We all called him Steve …

Oct 6, 2011 02:08 UTC

By John Abell
The opinions expressed are his own.

I was a very late comer to the Apple party. My first taste was a G4 laptop, $1,100 from Amazon.com. Prior to that, my close friend and colleague Samer Farha, the Apple evangelist in my life (we all had one) gently prodded me in the direction of Cupertino, with little success until I finally, and suddenly succumbed — just as one can’t ride a bicycle until one can, and then there is no turning back.

Samer would tell me, people aspire to own a Mac they way they aspire to own a BMW. I would say, but they don’t, not everyone does. I owned many a Win-Tel machine, even built a couple myself, and the thought that my mastery of Windows could possibly be challenged by the easy living that was the Apple way was both laughable and, in some strange way, unmanly.

But Samer is the smartest man in the room. So, I listened …

All this was before even Steve had revolutionized, well, everything. The iPod, your music collection in your pocket, was years off. “Smartphone” wasn’t a word yet. Tablets were stupid, phony non-computers Microsoft was saying would change the world blah blah blah …

Amazon lights a fire, Apple ices the cake

Sep 29, 2011 13:11 UTC
That was the week that was.

I can imagine saying that in years to come about the eight days that began on Wednesday with Amazon’s paradigm-busting entry into the tablet business, its deeper walk into the cheaper e-ink e-reader woods with less expensive Kindles, bookended next Wednesday by Apple’s latest iPhone(s) reveal.

Both unveilings have lots to do with “everywhere” consumption, and both have aspects of evolution. But a counter-revolution began this week, and we’ll be talking about for years to come.

Dare I say it: Amazon’s $199 “Fire” tablet may not make us forget Apple’s tablet, but it could very well be the first credible answer to the question: “Why wouldn’t I buy an iPad?”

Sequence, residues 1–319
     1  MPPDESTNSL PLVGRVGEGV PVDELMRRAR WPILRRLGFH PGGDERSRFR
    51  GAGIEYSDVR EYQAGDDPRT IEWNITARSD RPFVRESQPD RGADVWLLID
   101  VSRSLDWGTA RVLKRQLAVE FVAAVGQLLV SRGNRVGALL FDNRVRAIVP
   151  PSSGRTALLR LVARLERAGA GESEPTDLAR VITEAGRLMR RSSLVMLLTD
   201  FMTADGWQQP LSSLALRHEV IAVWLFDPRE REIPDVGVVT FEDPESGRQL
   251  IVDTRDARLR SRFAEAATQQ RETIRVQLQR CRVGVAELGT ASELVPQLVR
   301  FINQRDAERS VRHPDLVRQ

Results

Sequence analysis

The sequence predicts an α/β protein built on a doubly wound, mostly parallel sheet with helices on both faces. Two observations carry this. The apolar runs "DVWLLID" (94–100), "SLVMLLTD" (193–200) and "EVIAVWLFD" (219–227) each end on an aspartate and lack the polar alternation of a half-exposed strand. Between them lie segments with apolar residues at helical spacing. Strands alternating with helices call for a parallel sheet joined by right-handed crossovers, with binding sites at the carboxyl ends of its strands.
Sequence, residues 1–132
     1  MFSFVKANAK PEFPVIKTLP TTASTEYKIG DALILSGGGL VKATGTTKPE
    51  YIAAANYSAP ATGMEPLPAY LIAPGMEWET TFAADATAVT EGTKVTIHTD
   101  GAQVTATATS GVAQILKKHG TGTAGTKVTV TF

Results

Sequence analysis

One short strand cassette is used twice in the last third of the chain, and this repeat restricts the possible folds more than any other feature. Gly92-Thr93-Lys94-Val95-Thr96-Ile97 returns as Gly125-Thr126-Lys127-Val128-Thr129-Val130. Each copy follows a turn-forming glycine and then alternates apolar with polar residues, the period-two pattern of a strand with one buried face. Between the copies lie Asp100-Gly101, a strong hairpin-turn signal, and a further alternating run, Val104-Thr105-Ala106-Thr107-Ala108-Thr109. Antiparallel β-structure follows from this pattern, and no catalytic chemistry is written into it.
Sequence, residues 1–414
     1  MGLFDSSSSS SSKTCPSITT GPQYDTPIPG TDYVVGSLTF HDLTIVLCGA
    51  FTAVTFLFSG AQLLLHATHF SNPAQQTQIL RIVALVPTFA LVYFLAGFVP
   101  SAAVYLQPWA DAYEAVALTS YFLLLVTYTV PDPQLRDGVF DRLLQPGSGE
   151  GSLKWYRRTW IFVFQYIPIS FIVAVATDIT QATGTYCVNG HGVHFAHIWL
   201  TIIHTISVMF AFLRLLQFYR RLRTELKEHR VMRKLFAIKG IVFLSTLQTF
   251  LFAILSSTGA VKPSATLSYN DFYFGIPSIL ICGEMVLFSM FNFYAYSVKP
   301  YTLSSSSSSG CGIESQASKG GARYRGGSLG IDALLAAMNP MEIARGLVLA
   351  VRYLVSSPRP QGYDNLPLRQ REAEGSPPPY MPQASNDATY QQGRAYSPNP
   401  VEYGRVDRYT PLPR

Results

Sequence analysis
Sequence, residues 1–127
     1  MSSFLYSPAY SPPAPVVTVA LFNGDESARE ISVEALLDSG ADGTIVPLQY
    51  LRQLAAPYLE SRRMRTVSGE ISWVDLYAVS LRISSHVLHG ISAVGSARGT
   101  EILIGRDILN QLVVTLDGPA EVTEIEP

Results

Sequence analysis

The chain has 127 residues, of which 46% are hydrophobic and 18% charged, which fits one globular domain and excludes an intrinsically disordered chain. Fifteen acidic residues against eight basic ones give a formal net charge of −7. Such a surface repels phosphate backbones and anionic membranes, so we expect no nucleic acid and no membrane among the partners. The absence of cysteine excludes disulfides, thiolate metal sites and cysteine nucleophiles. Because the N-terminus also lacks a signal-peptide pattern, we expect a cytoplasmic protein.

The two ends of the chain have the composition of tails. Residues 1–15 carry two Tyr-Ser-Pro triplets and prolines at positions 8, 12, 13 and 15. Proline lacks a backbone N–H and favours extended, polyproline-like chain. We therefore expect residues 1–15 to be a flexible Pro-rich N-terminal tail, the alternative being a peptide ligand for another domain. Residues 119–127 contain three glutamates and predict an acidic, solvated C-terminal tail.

What would Netflix do?

Sep 20, 2011 21:22 UTC

By John C. Abell
The opinions expressed are his own.

There was a time, actually not that very long ago, when the headline for this post would have been an excellent question. NetFlix enjoys customer loyalty which rivals the rarified levels of Apple. Its stock price was setting records — so much so that some head-scratching Street types couldn’t exactly explain why, without resorting to the sort of “good will,” “first adopter,” and “eyeballs” metrics that got us all into trouble a decade ago. Netflix even got extra cred with the Netflix Prize competition, a $1 million bounty for anyone who could just incrementally improve the service’s legendary recommendation algorithm.

It short, it looked like Netflix could do no wrong. It was the Google of streaming media. It created a DVD revolution, allowing couch potatoes to travel no further than their mailboxes for DVDs, killing off the Blockbusters of the world (which had killed off the local video stores) — and then it disrupted its own disruption. Netflix is already a verb — like Google — and was on track to become an ultimate comparative entity: Soon there would be phrases like [your rock star company here] is the Netflix of [insert vertical].

But a funny thing happened on the way to world domination.

First Netflix pissed off everyone with higher prices by turning a buffet plan for streaming plus DVDs by mail into two a la carte offerings, at a significantly higher cost for a woefully underestimated number of customers who still wanted access to both services. This untelegraphed move was accompanied by a poorly-received explanation about why, even if this wasn’t a good deal for customers, it just had to be.

Windows 8: Worth the wait, but is it too late?

Sep 14, 2011 19:55 UTC